Sometimes places I visit feel like home.
I can’t explain why, but some destinations give me a visceral feeling of belonging, and maybe even a twinge of nostalgia (no matter that I’ve never been there before). But it’s not just some travel version of deja vu– mixed in with that sense of familiarity is also a heady sense of anticipation for those unknown discoveries just waiting to be made.
Deep in the Western fjords of Norway, the otherworldly village of Alesund now makes the short list of places that feel like home to me. This spit of a peninsula, filled with brightly colored homes, art nouveau design, artists and great food, was the biggest surprise of my trip to Norway.
Alesund also surprised me with the quality, diversity and sheer amount of interesting shops, especially considering its small size. Here is my recommended shopping tour of the village.
Start at the Aksla Lookout Point
First, you’ll want to get an overview of Alesund by heading to the Aksla lookout point. While there is nothing to bring home from here, I recommend taste-testing the delicious Norwegian pancakes along with a strong cup of coffee.
Head to Alesund’s Last Standing Wooden Homes
Alesund’s glamorous art nouveau architecture wasn’t original to the peninsula, which was populated long before the design gained popularity. A fire swept through Alesund in 1904, burning the town to the ground, save a few wooden building which still stand today. Head to Molovegen street to see and even shop in these original homes.
Handblown Glass at Glassversted
Vintage Bric-a-Brac at Antikk Galleri
Walk and Shop the Art Nouveau Streets of Downtown Alesund
Next up, head downtown (cobblestoned Kongensgate is the main drag) to take in the architecture and shop at the unique shops that line the streets.
Everything a Fisherman Might Need
The Knitwear Shop that Gives Back: Sydvesten
You would never know there was something special about this knitwear shop, which offers handmade woolen goods in candy colors. All of the items here are made by and benefit locals with disabilities. I loved the colorful wool trivets– easy to slip into your suitcase.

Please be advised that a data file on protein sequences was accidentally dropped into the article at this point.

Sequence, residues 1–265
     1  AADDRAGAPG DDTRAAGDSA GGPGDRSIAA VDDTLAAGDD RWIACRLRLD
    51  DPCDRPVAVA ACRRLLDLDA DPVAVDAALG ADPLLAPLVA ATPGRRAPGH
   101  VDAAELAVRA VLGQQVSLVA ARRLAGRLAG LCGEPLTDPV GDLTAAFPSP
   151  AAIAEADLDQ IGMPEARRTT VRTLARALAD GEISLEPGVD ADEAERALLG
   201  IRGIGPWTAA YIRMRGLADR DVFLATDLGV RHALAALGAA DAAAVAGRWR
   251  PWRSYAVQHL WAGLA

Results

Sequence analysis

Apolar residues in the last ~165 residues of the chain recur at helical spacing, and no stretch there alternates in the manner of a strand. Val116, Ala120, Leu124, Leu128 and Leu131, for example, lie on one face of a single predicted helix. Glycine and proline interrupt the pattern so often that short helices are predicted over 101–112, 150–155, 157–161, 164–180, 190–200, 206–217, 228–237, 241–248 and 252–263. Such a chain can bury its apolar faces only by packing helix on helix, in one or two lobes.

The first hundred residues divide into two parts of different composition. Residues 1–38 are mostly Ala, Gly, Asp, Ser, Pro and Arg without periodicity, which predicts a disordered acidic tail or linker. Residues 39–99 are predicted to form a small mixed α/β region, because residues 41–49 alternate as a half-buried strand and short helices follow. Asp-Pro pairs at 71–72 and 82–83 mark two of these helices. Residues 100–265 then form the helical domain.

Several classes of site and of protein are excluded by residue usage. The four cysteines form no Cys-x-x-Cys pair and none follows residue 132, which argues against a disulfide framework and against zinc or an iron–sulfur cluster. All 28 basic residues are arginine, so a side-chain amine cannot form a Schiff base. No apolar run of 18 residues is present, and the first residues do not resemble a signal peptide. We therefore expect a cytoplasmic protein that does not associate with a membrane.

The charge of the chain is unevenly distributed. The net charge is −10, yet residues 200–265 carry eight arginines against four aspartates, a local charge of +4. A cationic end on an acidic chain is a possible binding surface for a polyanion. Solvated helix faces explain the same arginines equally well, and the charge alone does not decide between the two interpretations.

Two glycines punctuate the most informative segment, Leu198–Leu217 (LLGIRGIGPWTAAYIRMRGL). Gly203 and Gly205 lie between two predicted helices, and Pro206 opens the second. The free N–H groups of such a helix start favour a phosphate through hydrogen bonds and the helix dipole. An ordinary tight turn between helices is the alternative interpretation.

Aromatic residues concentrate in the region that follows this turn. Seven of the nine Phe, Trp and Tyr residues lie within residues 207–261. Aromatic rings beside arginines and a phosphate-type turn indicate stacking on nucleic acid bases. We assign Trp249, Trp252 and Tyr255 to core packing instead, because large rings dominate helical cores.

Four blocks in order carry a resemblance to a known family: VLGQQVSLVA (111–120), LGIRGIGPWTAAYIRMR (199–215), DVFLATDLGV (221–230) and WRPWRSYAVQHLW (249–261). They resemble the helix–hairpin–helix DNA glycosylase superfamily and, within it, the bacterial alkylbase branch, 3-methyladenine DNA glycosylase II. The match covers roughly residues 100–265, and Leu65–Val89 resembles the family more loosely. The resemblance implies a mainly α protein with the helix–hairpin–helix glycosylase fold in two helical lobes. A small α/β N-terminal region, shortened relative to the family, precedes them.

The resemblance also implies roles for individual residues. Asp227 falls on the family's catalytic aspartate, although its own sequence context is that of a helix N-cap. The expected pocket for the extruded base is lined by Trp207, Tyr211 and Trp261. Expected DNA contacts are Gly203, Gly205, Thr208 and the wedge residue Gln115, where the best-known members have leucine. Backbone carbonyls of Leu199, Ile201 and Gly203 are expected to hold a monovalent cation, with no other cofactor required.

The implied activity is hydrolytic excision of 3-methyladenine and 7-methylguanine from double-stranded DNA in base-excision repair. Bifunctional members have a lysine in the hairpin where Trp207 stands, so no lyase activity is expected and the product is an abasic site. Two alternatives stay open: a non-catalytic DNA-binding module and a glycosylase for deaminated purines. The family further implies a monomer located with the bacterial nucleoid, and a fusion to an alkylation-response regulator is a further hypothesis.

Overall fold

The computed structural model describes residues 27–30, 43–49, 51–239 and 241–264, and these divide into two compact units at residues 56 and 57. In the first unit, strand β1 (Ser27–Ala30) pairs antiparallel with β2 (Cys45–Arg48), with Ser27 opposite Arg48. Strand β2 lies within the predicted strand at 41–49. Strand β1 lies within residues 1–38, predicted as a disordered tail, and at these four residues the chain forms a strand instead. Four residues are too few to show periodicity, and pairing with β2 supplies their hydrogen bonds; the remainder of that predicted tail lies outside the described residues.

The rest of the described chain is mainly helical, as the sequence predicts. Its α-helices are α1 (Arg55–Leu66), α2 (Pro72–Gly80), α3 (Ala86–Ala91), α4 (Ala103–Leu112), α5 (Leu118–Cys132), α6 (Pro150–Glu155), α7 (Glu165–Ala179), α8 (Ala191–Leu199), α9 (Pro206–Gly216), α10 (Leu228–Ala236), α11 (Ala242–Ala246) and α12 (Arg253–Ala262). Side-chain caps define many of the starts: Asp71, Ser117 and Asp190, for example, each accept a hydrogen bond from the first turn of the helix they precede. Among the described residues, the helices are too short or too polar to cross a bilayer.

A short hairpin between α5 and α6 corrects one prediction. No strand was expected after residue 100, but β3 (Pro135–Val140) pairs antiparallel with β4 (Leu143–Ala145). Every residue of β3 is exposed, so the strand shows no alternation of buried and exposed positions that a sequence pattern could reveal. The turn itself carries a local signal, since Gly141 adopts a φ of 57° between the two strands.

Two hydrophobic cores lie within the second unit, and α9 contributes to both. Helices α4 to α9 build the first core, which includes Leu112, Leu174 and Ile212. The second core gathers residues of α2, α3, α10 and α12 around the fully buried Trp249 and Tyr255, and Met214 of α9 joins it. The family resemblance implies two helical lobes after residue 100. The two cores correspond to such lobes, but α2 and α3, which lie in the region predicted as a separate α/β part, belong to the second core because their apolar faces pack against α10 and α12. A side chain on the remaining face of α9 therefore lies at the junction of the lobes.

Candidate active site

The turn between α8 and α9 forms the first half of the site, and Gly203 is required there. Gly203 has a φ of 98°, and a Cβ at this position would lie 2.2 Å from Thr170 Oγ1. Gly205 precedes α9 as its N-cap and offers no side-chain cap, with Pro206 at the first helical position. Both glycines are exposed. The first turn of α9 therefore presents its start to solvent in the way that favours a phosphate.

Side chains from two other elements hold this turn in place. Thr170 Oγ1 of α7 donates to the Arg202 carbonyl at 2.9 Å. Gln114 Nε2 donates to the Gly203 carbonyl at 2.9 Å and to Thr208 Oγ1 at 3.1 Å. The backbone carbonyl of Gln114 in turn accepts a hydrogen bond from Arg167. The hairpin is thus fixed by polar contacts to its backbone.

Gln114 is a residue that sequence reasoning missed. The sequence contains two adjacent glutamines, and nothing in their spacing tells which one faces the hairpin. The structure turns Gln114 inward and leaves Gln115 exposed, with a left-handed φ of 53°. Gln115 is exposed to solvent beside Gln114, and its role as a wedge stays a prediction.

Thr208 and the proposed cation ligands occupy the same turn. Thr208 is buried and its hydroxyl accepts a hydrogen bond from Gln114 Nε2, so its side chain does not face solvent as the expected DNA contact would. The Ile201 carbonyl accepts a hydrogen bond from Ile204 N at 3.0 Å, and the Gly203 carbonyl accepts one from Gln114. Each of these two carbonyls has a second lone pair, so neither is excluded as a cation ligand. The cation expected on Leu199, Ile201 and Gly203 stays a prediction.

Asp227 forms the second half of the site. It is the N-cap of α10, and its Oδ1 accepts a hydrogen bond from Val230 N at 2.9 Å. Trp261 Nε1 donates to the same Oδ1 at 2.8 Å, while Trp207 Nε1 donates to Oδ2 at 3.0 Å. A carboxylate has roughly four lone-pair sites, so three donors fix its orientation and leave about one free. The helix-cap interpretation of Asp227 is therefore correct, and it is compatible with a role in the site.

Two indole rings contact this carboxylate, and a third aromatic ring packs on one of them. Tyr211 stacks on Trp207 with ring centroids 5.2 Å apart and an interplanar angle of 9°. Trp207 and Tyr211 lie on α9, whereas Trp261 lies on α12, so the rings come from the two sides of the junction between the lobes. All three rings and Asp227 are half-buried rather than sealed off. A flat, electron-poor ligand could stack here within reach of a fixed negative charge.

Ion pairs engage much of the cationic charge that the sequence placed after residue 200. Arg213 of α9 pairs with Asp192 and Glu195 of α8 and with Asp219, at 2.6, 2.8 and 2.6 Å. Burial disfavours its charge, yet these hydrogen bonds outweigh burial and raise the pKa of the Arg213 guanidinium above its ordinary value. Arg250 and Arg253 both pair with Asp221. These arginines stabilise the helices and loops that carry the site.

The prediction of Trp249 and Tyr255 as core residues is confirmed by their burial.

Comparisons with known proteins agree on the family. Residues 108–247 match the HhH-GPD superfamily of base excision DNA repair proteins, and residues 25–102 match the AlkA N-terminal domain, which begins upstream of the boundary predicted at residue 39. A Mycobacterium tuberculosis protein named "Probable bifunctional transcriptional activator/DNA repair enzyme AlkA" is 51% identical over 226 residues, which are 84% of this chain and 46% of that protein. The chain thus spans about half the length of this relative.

Traditional Norwegian Goods at Der Hufisliden
While Der Hufisliden is a mini chain, it is a high quality one, specializing in the best of handcrafted Norwegian goods. The location in Oslo is bigger, but this branch had a nice selection of traditional Norwegian souvenirs to choose from.
Well-Curated Norwegian Antiques at Galleri Artifex
By the Alesund Waterfront
You are never too far from the water in Alesund. Don’t miss the fishing boats along the harbor (say hello to the adorable fisherman Espen and his dog Alba if they happen to be in port). While the waterfront area has less shops, it’s a great area to have dinner and drinks. We can also recommend the regional sweets from the local bakery– an ideal souvenir.
Martin Walderhaug Bakery
Don’t miss this incredible bakery which has been family run for over 100 years. Some of the specialties are only available in Alesund, like the grovkake (expat devotees have batches of these sweets shipped to them worldwide). Grovkake stay fresh for 1-2 weeks, so these make great souvenirs to bring home.
For Dinner– XL Diner
Dried salt cod (known as bacalao) is a specialty of Alesund. While you can easily buy some to bring home with you, I recommend first sampling some at a local restaurant. You can’t do much better than the spectacular waterfront XL Diner, which serves salt cod in both traditional and moden ways– I highly recommend the sampler platter to taste test them all. The fish soup was also a standout.
Thanks to Innovation Norway and the charming Bente Saxon of Visit Alesund for making this visit memorable!
[box]What to Buy: Antiques, bric a brac, handblown glass, grovkake
Where to Get it: Alesund is relatively compact, so you can easily hit both the downtown and the wooden home area in the same day
What to Know: For accomodations, I recommend the excellent, centrally located but reasonably priced First Hotel Atlantica (waterfront views are amazing!)[/box]